This could help improve the selection of drugs and participants for clinical trials.
A new model can help predict if patients at risk for Alzheimer’s disease will experience cognitive decline, according to a new paper from researchers at Massachusetts Institute of Technology.
The model, which predicts a patient’s cognition test score up to two years in the future, could be used to improve the selection of candidate drugs and participant cohorts for clinical trials.
“Being able to accurately predict future cognitive changes can reduce the number of visits the participant has to make, which can be expensive and time-consuming,” said Oggi Rudovic, Ph.D., a Media Lab researcher. “Apart from helping develop a useful drug, the goal is to help reduce the costs of clinical trials to make them more affordable and done on larger scales.”
Researchers used an Alzheimer’s disease clinical trial dataset from the Alzheimer’s Disease Neuroimaging Initiative. The dataset has data from nearly 1,700 participants with and without the disease. Data were recorded during semiannual doctor’s visits over 10 years and included the patients’ Alzheimer’s disease Assessment Scale-cognition sub-scale scores. The test measures language, memory and orientation on a scale of increasing severity up to 85 points.
Also included in the data were MRI scans, demographic and genetic information and cerebrospinal fluid measurements.
The research team trained and tested their model on 100 participants who made more than 10 visits and had less than 85% missing data. Of that sub-cohort, 48 were diagnosed with Alzheimer’s disease. The participants had different combinations of features missing.
Researchers then used the data to train a population model powered by a nonparametric probability framework, called the Gaussian Processes. This framework measures similarities between variables to predict a value for an unseen data point.
When the research team evaluated that model, they found the model’s predictions could be more accurate. Researchers then personalized the population model for each new patient. The model progressively filled in data gaps with each new patient visit and updated the scale prediction score.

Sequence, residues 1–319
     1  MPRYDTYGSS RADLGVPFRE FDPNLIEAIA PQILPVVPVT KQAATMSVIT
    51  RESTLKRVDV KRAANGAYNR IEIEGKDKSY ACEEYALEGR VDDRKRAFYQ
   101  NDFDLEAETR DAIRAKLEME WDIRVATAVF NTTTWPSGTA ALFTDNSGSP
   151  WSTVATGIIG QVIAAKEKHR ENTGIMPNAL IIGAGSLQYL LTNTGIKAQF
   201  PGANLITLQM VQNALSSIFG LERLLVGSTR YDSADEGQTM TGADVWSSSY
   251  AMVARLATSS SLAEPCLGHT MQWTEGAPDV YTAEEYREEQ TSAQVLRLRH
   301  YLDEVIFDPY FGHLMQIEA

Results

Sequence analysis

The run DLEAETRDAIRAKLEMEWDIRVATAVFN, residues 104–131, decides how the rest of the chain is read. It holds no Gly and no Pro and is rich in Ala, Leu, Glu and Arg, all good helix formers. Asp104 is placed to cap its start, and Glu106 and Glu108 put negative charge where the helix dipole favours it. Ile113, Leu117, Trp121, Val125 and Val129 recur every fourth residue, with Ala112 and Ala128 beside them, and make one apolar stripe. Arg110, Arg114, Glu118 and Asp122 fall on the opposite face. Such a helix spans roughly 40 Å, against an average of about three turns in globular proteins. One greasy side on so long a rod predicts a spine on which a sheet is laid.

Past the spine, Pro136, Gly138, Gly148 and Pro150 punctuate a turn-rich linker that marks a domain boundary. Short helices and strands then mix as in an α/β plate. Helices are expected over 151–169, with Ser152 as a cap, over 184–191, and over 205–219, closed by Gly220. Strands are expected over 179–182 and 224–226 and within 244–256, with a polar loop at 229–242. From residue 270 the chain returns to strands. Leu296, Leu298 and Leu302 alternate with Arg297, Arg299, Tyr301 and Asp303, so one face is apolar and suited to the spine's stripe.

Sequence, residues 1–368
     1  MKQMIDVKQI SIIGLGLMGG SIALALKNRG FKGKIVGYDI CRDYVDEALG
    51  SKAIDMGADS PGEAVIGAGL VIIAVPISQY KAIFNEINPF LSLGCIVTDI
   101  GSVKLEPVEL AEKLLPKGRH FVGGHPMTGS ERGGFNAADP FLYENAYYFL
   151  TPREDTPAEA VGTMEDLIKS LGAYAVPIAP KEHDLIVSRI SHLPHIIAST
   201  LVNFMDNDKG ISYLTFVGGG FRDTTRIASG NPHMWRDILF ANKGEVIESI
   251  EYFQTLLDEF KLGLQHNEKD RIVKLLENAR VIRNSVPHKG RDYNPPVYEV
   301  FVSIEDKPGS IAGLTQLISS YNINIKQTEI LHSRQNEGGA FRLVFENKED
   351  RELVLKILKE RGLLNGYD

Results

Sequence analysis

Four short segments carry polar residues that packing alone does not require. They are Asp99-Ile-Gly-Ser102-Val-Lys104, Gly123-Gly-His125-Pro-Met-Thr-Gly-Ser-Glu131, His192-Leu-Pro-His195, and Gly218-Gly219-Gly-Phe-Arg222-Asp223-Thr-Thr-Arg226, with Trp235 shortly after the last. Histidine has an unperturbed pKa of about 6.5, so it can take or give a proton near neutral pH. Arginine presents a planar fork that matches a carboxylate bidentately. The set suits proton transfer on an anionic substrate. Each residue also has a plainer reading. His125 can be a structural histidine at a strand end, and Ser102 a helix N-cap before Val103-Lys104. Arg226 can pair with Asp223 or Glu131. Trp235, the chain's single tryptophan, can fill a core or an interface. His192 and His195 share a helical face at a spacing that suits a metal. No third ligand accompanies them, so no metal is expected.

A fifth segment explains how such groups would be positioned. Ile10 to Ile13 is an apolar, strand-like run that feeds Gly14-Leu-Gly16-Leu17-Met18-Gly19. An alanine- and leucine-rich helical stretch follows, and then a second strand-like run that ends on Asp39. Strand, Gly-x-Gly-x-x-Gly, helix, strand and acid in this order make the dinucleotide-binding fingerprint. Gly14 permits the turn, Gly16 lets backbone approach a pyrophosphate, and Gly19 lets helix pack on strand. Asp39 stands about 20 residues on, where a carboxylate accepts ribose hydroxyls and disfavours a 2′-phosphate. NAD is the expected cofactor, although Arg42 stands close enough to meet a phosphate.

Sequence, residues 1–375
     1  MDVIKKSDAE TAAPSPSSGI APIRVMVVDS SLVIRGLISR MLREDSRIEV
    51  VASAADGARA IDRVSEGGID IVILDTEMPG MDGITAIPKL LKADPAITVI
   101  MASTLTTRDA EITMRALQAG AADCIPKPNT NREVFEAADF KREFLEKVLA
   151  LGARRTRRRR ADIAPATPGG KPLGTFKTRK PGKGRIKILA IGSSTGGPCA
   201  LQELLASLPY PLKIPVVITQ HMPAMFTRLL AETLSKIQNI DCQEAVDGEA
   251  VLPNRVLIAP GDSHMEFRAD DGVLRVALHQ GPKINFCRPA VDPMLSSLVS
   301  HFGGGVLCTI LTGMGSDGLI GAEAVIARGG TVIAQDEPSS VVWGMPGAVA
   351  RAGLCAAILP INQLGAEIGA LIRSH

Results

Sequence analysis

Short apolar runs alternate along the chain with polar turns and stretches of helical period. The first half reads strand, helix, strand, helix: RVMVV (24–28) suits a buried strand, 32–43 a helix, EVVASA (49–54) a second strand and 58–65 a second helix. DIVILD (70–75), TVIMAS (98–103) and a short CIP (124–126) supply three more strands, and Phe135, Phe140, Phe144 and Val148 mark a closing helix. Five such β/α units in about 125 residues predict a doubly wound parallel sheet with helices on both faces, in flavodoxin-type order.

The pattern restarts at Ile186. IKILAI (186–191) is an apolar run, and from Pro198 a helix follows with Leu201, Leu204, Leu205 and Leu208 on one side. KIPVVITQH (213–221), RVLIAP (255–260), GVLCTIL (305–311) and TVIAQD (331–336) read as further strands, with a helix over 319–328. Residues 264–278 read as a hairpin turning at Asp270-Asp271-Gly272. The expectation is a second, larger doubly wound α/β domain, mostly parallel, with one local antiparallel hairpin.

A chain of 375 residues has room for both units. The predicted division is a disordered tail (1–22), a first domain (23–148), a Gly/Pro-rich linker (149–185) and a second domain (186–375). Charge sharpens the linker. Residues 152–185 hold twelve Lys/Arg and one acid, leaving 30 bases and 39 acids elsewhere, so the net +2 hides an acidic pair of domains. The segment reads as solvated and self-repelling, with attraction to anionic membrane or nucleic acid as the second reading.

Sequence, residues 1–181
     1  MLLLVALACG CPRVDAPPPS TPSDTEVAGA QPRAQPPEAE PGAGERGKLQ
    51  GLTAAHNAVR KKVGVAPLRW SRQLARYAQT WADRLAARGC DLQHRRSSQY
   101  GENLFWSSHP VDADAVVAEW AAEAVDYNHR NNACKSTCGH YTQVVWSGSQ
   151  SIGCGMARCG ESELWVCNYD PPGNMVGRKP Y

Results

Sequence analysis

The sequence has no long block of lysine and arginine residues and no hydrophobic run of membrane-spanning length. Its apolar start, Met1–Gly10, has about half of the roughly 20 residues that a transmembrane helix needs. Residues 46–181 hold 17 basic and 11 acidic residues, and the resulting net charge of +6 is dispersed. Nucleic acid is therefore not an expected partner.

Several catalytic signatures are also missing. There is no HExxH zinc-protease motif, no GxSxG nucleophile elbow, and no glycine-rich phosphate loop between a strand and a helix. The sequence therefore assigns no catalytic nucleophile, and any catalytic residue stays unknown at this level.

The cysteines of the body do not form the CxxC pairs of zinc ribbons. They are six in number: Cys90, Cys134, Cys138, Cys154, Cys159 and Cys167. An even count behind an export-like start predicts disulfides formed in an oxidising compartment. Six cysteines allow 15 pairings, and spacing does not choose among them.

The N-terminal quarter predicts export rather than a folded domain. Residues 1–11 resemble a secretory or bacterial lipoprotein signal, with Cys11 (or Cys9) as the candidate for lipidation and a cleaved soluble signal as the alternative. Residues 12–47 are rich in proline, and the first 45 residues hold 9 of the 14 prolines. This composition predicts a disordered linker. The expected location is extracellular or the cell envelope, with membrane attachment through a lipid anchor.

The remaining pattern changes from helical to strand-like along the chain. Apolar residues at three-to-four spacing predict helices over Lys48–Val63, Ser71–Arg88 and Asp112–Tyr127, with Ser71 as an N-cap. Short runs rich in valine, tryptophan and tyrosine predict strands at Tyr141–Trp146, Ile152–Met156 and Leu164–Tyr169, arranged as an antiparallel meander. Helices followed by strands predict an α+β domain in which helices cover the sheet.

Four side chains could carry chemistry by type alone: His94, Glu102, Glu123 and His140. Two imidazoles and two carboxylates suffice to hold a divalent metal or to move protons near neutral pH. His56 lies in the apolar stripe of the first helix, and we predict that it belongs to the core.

After four visits, the models significantly reduced the error rate in predictions and outperformed various traditional machine-learning approaches used for clinical data.
The researchers then invented a metalearning scheme that learns to automatically choose which type of model, population or personalized, works best for any participant at any time. This depended on the data being analyzed.
This approach simulates how different models perform on a given task and learns the best fit.
Population models made more accurate predictions when patients had noisy, sparse data during early visits. When patients collected more data during subsequent visits, the personalized models performed better.
The method reduced the error rate for predictions by a further 50%.
“We couldn’t find a single model or fixed combination of models that could give us the best prediction,” Rudovic said. “So, we wanted to learn how to learn with this metalearning scheme. It’s like a model on top of a model that acts as a selector, trained using metaknowledge to decide which model is better to enjoy.”
Clinicians may use the model to select at-risk patients for clinical trials who are likely to show a rapid cognitive decline, even before other symptoms emerge. Early treatment could help clinicians better track which medicines are and are not working.
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